accuracy in estimating the distorted wavefront is improved by incorporating the a priori
The second approach to compensate the disturbance is the post-detection processing
approach. This is founded upon the insight that short exposure images preserve frequencies
up to the diffraction limit. A variety of techniques have been proposed to
recover this diffraction-limited information, for example, the correlation-based techniques
of Knox-Thompson and bispectrum approaches. However, these techniques are
required to average the effects of atmospheric turbulence before the algorithm can be
applied to recover the object of interest.
Another approach is to consider the problem as a deconvolution problem in which the
object of interest is reconstructed based on the disturbance information and the short
exposure image. In this case the disturbance is unknown. It is a blind deconvolution
problem, that means we need to reconstruct the object from the short exposure image
without a statistical ensemble of distorted images. Three methods are discussed and
compared, they are the conjugate gradient approach, the projection-based approach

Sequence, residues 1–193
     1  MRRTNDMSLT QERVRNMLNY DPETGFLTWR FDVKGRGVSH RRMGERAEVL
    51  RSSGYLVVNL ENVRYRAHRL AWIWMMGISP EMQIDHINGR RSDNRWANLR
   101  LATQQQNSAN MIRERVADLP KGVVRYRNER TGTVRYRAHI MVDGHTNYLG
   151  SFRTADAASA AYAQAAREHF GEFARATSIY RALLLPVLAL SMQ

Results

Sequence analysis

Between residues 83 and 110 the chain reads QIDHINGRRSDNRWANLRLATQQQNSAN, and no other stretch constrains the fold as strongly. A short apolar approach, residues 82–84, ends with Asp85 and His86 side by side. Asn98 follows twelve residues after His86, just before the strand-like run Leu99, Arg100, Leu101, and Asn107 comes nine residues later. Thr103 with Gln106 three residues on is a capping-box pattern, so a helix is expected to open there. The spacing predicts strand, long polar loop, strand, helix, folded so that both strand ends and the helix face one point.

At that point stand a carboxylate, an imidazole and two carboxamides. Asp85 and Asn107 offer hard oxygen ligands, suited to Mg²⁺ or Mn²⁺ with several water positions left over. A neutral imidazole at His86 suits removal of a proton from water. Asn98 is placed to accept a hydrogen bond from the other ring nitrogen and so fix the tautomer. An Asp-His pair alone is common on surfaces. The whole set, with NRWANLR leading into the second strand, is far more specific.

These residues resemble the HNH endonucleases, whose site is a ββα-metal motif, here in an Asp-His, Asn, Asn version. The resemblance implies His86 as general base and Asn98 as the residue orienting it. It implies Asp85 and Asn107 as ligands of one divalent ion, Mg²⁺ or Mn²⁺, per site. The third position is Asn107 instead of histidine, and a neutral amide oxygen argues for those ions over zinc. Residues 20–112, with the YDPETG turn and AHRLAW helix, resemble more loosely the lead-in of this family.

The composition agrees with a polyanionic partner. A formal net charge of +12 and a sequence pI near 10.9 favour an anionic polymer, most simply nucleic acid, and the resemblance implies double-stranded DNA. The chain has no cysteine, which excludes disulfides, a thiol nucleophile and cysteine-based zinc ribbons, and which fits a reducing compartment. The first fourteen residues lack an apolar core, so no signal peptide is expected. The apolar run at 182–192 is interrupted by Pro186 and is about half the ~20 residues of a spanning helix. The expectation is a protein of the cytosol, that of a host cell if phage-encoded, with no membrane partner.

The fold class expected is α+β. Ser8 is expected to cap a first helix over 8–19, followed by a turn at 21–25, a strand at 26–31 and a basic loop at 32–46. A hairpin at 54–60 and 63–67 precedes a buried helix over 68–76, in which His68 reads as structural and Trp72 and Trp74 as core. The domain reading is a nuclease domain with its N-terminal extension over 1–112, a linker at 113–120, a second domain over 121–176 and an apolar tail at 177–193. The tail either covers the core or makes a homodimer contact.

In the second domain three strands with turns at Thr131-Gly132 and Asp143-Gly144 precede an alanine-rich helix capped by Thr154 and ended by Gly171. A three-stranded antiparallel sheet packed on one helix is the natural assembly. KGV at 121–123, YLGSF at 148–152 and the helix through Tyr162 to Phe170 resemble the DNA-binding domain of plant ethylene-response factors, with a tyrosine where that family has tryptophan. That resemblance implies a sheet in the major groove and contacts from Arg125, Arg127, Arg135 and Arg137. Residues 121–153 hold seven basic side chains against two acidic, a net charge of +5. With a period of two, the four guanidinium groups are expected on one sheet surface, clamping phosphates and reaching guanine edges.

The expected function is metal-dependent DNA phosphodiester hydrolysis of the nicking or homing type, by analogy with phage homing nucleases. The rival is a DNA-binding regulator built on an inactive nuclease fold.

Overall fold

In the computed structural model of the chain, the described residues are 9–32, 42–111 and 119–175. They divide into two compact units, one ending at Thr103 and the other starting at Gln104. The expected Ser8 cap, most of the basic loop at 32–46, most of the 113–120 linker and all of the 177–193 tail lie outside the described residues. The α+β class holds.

and the maximum likelihood approach. All these three methods can be formulated
using the Bayes' theorem but with different assumptions made on the noise statistics
and with different application of the a priori knowledge. They are compared in terms
of the convergence rate, the quality of the reconstructed image and also in the presence
of different noise levels.
As simulation results show, all these three algorithms can blindly deconvolve a blurred
image. In general, the projection-based algorithm and the maximum likelihood algo-rithm produce clean reconstructed images compared to the conjugate gradient algorithm.
However, all three algorithms experience the so-called superresolution effect in
the presence of noise. A way to prevent suprereolving a blurred image is suggested.

Item Type: Thesis (PhD)
Copyright Holders: The Author
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Copyright 1996 the Author - The University is continuing to endeavour to trace the copyright owner(s) and in the meantime this item has been reproduced here in good faith. We would be pleased to hear from the copyright owner(s).

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Examines ways to compensate for the effects of atmospheric turbulence on the images obtained from a ground-based telescope, to provide a good quality image. Two approaches are proposed, namely the adaptive optics and the post-detection processing approaches. Thesis (Ph.D.)--University of Tasmania, 1997. Includes bibliographical references. Examines ways to compensate for the effects of atmospheric turbulence on the images obtained from a ground-based telescope, to provide a good quality image. Two approaches are proposed, namely the adaptive optics and the post-detection processing approaches

Date Deposited: 19 Dec 2014 02:36
Last Modified: 25 Jul 2017 04:12